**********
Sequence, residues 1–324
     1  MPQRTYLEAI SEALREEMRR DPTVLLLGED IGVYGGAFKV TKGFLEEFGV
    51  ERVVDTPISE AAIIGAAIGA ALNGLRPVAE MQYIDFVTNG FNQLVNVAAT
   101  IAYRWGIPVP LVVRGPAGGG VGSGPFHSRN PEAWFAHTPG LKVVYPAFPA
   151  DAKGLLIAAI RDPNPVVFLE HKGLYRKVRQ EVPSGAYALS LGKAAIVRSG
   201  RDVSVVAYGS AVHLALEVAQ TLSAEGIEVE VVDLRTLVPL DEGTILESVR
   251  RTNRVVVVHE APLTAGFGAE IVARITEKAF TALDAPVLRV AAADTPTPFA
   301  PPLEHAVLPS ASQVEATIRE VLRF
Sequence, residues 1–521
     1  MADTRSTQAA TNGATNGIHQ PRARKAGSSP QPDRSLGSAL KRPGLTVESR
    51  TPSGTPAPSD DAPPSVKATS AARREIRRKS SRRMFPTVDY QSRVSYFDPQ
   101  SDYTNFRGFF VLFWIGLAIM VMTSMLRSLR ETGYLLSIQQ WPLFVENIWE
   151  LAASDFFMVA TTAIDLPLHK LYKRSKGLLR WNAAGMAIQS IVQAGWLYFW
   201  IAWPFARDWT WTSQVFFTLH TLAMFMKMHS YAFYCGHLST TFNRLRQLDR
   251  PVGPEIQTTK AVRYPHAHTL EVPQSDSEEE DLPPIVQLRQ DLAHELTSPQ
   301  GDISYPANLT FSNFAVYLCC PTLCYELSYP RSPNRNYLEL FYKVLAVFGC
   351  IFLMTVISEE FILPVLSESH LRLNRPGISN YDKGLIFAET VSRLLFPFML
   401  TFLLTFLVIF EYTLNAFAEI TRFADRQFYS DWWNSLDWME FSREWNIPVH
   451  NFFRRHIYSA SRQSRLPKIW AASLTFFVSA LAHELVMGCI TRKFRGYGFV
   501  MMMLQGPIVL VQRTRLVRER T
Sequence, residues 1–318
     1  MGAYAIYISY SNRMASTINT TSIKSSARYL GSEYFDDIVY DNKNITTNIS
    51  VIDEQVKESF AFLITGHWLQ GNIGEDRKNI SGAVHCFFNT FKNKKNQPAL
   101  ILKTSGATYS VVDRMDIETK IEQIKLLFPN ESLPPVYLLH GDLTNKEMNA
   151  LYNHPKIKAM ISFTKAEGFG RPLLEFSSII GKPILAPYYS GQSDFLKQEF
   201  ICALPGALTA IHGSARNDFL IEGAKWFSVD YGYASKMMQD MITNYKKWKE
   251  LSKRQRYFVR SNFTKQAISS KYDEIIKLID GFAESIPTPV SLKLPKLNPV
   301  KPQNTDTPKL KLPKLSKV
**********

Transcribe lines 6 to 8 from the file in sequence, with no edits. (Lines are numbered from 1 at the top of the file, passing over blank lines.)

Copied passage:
   201  RDVSVVAYGS AVHLALEVAQ TLSAEGIEVE VVDLRTLVPL DEGTILESVR
   251  RTNRVVVVHE APLTAGFGAE IVARITEKAF TALDAPVLRV AAADTPTPFA
   301  PPLEHAVLPS ASQVEATIRE VLRF